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A Vegetable Juicing Diet for Arthritis

By Rachel Venokur-Clark

Arthritis affects over 46 million Americans. Arthritis may be caused by a viral, bacterial or fungal infection of joints. Arthritis can also occur due to an inherited defect or an injury, or it may be caused by an immune response in the body. In autoimmune-related arthritis, the body mistakenly identifies the synovial membrane as foreign and begins to attack it. The synovial membrane is the connective tissue that lines the joints. Some forms of arthritis are reversible and can be controlled with proper diet and lifestyle choices.

Arthritis Symptoms

Arthritis causes the inflammation of one or more joints in the body. Common side effects include pain, stiffness, swelling and a diminished range of motion. Joints may crack, pop or make noise when they move. Some arthritic conditions can affect bones, muscles or internal organs. Undiagnosed or untreated arthritis can lead to irreversible joint damage. Joints may become weak or deformed over time. Arthritis symptoms can come on gradually or appear quickly.

Arthritis Treatment

A variety of food items, food sensitivities and food allergies may increase symptoms of arthritis. Eliminating trigger foods may help reduce joint pain. Diet, lifestyle changes and alternative medicine can accompany traditional courses of treatment. Prescription medications are often prescribed to reduce immune activity, decrease inflammation and minimize joint pain. The Arthritis Foundation recommends massage, acupuncture, dietary changes and herbal supplements as alternative methods to treat arthritis symptoms. These methods should only be used in addition to working with a medical professional.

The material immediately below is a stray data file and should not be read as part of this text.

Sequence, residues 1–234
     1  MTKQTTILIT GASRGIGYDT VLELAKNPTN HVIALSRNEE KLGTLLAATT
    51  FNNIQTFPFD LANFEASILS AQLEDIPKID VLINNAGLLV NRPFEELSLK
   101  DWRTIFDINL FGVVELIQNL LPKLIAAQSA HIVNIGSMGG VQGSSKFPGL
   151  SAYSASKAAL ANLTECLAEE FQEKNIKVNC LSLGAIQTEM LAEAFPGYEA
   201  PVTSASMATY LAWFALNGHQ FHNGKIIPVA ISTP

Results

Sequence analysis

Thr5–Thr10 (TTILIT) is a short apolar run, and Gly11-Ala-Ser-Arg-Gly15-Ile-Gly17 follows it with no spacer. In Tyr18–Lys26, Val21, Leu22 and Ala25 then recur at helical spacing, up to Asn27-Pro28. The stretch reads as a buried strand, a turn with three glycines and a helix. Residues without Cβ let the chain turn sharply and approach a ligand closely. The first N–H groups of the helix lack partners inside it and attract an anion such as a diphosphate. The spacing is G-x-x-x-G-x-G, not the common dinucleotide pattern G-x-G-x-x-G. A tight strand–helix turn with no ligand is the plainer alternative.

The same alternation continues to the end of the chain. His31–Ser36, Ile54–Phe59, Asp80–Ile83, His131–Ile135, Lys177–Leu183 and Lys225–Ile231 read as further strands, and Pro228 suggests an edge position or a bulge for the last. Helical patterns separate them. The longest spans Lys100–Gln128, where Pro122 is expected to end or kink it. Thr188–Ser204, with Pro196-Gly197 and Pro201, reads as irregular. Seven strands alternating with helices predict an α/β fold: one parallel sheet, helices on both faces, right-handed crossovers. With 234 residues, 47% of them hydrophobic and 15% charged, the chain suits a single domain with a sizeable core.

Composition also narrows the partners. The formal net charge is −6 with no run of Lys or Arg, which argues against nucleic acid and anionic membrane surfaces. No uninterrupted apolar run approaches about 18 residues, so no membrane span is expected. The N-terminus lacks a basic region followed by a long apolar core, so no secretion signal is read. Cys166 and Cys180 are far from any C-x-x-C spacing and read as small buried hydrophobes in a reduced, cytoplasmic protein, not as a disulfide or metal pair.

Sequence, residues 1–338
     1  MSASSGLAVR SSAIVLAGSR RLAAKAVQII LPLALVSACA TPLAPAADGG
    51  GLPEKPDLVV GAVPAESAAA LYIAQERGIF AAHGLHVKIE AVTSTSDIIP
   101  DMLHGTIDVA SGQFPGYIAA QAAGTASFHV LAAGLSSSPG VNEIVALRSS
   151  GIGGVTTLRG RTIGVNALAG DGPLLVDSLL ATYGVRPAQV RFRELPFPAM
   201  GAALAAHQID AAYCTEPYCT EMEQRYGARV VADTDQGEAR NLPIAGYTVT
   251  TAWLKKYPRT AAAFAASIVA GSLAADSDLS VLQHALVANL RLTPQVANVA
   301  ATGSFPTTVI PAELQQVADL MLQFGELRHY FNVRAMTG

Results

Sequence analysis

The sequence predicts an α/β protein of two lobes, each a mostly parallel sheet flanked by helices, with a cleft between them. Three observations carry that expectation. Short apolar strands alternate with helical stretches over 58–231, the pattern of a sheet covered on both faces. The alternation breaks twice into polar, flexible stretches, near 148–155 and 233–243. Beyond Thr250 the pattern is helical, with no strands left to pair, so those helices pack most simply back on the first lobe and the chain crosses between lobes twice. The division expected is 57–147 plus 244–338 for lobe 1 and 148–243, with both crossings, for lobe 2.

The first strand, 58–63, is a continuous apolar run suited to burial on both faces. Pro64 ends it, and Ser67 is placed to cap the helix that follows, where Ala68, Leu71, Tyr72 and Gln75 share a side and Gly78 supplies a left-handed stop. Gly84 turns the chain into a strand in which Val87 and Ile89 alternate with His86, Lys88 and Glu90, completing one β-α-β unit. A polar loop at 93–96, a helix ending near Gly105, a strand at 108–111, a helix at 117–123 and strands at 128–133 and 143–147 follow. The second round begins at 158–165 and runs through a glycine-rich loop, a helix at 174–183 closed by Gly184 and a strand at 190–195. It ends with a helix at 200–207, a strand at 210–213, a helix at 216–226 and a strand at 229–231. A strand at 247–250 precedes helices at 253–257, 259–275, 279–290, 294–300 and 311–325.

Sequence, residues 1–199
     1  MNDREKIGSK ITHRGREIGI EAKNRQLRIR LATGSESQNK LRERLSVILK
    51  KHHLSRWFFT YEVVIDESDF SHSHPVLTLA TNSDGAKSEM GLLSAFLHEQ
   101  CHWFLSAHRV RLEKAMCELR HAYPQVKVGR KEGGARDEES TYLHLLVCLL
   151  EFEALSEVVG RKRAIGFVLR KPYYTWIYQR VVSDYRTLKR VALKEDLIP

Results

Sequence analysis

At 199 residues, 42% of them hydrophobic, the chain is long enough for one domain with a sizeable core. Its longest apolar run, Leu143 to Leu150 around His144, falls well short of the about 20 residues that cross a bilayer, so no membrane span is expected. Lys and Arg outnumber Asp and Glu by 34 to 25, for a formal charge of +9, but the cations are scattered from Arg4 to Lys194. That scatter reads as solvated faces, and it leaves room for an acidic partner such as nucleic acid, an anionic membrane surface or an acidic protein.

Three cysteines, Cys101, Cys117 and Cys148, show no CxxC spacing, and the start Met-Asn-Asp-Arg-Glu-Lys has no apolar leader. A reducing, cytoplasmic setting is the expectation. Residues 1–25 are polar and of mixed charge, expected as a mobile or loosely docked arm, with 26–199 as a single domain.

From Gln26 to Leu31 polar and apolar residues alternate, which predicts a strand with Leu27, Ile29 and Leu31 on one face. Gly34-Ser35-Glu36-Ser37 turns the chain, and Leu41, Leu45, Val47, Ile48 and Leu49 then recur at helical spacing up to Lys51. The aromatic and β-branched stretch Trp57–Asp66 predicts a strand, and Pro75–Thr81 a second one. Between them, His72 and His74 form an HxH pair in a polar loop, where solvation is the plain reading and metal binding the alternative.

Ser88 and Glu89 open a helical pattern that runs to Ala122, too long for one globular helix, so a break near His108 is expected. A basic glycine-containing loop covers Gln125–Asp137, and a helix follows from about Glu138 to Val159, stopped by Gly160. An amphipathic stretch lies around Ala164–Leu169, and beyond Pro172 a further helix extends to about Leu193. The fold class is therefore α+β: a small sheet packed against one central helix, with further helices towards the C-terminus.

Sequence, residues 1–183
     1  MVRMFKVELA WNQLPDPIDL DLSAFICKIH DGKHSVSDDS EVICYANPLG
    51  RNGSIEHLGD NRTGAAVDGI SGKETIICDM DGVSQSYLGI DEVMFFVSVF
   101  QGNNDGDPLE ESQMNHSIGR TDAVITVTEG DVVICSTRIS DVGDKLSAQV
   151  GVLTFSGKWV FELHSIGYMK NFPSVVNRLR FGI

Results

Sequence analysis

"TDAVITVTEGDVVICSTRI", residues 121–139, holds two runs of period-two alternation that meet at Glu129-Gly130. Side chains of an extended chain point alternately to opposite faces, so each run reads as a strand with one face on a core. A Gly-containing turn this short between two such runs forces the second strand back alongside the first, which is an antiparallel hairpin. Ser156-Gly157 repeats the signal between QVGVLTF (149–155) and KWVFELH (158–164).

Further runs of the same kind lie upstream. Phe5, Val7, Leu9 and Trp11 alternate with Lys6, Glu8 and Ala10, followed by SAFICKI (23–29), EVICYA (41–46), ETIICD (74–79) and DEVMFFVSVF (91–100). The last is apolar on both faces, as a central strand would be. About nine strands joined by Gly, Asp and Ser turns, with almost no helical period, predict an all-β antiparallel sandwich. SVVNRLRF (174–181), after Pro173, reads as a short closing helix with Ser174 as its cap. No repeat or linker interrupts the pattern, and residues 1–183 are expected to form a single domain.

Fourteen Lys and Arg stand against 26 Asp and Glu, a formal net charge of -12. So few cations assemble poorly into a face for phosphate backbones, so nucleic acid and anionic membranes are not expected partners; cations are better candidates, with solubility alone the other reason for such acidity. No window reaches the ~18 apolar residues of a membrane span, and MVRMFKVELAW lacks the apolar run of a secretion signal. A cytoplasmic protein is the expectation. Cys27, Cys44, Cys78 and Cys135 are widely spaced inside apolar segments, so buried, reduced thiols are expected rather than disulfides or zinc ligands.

Benefits of Juicing

The Arthritis Foundation notes that poor nutrition, loss of appetite due to pain and fatigue, and food sensitivities may increase joint pain. Juicing fruits and vegetables offers the body a wide array of vitamins, minerals, enzymes and nutrients. Fresh juices are easy to digest and allow for increased nutrient absorption. Juicing may help boost the immune system and may increase the elimination of toxins, reducing arthritis symptoms. Including an omega-3 fatty acid, such as flax oil and ginger in juices, may help to decrease joint inflammation and increase the anti-inflammatory effects. Dark leafy greens, non-acidic fruits, garlic, pineapple and tart cherries can be juiced to relieve pain and inflammation.


Eating whole fruits and vegetables offers the body vitamins and minerals and the addition of fiber, most of which is lost during the juicing process. Fiber is important for maintaining a healthy weight, which can affect the severity of arthritis symptoms. Additional clinical research is needed to validate if juiced fruits and vegetables are healthier than eating them whole. When juicing, choose organic produce whenever possible. Do not use a juicing diet as a primary course of treatment for arthritis.

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